– Law Firm News – Jenner & Block Partner Philip L. Harris … – Law Firm News – Jenner & Block Partner Philip L. Harris recently joined an assembly of high-profile historians, professors, teachers, congressmen and journalists to engage in a roundtable discussion addressing the legacy of Abraham Lincoln. Among other things, panelists debated President Lincoln’s role in the abolition of slavery following the Civil War and discussed the influence African Americans had on their own emancipation.

“The discussion provokes us to consider what it means to be equal in today’s society,” remarked Mr. Harris at one point during the roundtable, which was organized by the Abraham Lincoln Bicentennial Commission.

“People need to talk more honestly about motive for diversity,” Mr. Harris said. “While it has become more common in law firms and businesses to speak about the business case for diversity, this says nothing about equality itself.”

Some panelists spoke of President Lincoln as a revered leader and a visionary, while others questioned his role in the abolition of slavery. Although opinions differed as to President Lincoln’s motives and legacy, the panelists agreed that the image and reference of Abraham Lincoln can be used as an effective tool to impel national progress toward equality.

“I hope that we continue to evolve in the ways we think about race and equality in the same way that Abraham Lincoln did,” concluded Mr. Harris.

The roundtable, which was held at the Chicago History Museum, was moderated by James Horton, an ALBC Commissioner and a Professor of American Studies and History at George Washington University. Congressman Jesse Jackson, Jr., an ALBC Commissioner presented welcoming remarks.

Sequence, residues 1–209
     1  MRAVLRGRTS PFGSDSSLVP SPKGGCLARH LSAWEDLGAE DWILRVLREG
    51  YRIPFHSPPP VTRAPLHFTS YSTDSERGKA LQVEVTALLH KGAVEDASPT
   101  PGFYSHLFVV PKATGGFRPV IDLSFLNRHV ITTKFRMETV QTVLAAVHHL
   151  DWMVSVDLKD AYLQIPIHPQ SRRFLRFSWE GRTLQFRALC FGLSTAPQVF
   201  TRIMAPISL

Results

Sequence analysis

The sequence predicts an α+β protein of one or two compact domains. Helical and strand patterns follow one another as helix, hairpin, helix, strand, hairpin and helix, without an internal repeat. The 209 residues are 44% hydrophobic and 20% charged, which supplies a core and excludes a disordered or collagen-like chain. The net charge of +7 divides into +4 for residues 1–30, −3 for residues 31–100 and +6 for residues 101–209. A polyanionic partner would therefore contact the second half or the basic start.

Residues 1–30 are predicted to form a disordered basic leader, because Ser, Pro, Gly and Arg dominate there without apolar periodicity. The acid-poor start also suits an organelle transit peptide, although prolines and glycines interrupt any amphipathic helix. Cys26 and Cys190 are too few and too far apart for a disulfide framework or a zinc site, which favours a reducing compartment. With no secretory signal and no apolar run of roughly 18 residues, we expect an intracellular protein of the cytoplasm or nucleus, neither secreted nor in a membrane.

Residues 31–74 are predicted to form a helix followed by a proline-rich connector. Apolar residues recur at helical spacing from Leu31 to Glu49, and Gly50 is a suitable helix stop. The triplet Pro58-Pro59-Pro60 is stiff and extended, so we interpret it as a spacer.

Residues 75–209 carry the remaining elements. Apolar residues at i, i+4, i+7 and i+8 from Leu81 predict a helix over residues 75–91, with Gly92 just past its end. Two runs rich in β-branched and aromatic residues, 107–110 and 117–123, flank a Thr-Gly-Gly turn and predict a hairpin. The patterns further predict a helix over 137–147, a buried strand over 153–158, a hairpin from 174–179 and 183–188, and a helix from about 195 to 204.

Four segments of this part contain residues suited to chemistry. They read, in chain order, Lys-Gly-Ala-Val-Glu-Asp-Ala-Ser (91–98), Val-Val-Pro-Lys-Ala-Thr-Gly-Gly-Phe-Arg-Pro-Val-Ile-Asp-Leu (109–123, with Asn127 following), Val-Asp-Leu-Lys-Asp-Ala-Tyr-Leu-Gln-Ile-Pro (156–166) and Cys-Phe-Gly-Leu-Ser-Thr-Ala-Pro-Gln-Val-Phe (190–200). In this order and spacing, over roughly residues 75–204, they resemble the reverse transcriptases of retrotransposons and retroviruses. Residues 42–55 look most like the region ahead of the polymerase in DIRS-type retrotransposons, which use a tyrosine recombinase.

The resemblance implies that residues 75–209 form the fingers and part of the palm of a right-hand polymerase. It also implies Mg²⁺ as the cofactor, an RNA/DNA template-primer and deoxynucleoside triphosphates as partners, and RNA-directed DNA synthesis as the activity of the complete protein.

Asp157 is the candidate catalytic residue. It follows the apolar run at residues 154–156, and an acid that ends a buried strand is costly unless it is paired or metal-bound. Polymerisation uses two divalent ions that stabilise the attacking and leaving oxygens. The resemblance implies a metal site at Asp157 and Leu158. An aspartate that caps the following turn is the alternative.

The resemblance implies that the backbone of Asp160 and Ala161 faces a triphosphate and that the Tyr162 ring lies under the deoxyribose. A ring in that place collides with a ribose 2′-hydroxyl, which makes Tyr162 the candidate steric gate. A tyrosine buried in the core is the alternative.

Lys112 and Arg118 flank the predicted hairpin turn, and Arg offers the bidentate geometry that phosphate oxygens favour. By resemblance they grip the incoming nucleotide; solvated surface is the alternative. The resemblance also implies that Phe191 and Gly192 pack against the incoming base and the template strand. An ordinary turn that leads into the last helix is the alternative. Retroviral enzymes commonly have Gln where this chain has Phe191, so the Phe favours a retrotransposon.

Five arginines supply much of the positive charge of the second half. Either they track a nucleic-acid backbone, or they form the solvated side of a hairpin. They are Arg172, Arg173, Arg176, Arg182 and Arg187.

In addition to Mr. Harris, the panelists included: Lerone Bennett, the executive editor emeritus of Ebony and author of Forced Into Glory: Abraham Lincoln’s White Dream; Charles Branham, of the University of Chicago Laboratory Schools, and emeritus professor at Indiana University; U.S. Representative Danny Davis; Adam Green, an Associate Professor of Social and Cultural Analysis at New York University; James R. Grossman, Vice President for Research and Education at Newberry Library; Hermene Hartman, Publisher of N’Digo; Roland Martin, Executive Editor of the Chicago Defender; Cheryl Johnson Odim, Provost & Vice President of Dominican University in River Forest, Illinois; Julieanna Richardson, Executive Director of HistoryMakers, a Chicago-based archive of African American video oral histories; Jacqueline Stewart, Associate Professor of Radio, TV & Film at Northwestern University; Dawn Turner Trice, novelist and columnist at the Chicago Tribune; and Kyle Westbrook, an award winning teacher at Walter Payton College Prep in Chicago.

The United States Congress created the ALBC in 2000 to encourage Lincoln observances and to emphasize the contribution of his thoughts, ideas and actions in the period leading up to the Bicentennial of his birth.

This event will air on C-SPAN on Monday, February 19 at 8:00 PM Eastern. The program will re-air twice: February 20 at 12:30 a.m. Eastern (9:30 p.m. Pacific on February 19), and again on February 20, 4:30 a.m. Eastern/1:30 a.m. Pacific.

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